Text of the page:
Book Review: Infinite Rooms

infinite rooms

Infinite Rooms, by David John Griffin, takes the reader inside the mind of Donald Clement, who is struggling to cope in what most would consider the real world. Through dreams and imaginings Clement travels the rooms of his mind trying to adjust his memories and construct barriers against experiences from his past that have caused him grief. In his head he discusses what he is doing with Dr Leibkov, who advises him that to move forward these barriers must be removed.

The writing is surreal. It is cleverly crafted, offering snippets of memory that enable extrapolation of the events which brought Clement to this juncture. At times I thought that I understood, then this too would become opaque, further layers hinting at an alternative interpretation. There were links but it continued to be unclear who and what was real outside of Clement’s mind.

Clement remembers meeting the beautiful Bernadette, the happiness of their early marriage and then how his jealousy drove them apart. Much of his musing occurs on a train journey when the reader is offered glimpses of how Clement perceives his fellow passengers and how he is seen by others. This disconnect offers puzzle pieces to add to the picture being created of what Clement’s life has been.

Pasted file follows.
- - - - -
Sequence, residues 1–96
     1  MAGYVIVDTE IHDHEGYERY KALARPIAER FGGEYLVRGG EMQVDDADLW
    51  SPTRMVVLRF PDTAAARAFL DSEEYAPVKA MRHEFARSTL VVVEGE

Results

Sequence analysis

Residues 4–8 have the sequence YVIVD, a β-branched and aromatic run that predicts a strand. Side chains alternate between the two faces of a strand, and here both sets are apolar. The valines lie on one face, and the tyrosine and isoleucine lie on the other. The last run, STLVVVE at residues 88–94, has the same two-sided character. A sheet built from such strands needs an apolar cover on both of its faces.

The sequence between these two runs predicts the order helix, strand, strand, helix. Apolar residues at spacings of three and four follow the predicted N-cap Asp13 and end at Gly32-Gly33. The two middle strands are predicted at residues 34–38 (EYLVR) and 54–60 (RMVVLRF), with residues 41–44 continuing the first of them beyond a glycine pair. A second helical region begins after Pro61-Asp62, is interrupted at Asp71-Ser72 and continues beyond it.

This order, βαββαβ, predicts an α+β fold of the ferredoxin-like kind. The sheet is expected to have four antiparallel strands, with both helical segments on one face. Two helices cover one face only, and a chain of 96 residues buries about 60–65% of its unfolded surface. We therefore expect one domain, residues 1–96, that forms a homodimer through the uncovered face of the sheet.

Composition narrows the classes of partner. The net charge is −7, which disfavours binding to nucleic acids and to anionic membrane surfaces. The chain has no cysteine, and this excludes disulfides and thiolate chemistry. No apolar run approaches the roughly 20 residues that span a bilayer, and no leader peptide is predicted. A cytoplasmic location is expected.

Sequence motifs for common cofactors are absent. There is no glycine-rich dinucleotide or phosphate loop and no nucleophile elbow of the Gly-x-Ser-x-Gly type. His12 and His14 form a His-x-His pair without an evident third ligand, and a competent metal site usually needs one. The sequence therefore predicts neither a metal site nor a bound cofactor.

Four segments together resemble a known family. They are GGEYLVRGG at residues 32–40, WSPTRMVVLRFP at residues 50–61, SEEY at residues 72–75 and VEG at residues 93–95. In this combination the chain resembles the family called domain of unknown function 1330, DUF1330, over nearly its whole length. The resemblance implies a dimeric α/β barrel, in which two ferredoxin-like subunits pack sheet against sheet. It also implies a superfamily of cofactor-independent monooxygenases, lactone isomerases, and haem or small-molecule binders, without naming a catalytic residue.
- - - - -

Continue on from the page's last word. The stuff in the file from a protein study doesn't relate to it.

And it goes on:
At the end I was still questionning what had just been narrated. The lack of lucidity was at times challenging, yet it was a satisfying literary journey.

Much as I wish to read eclectically and be stretched, I suspect that my analytical mind may not be capable of fully appreciating surrealism. What I can recognise and commend is the tension and disturbance created in the reader by putting them inside such a disturbed mind. Clement’s psychosis is brilliantly evoked. This is an extraordinary read.

My copy of this book was provided gratis by the publisher, Urbane. 

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One comment on “Book Review: Infinite Rooms

  1. MarinaSofia says:

    Ah, bless you, Jackie, that was a lovely comment (and a huge relief to other readers):
    ‘Much as I wish to read eclectically and be stretched, I suspect that my analytical mind may not be capable of fully appreciating surrealism’. Funnily enough, I love surrealism in poetry or shorter prose, but cannot cope with it for the full length of a novel. Usually.

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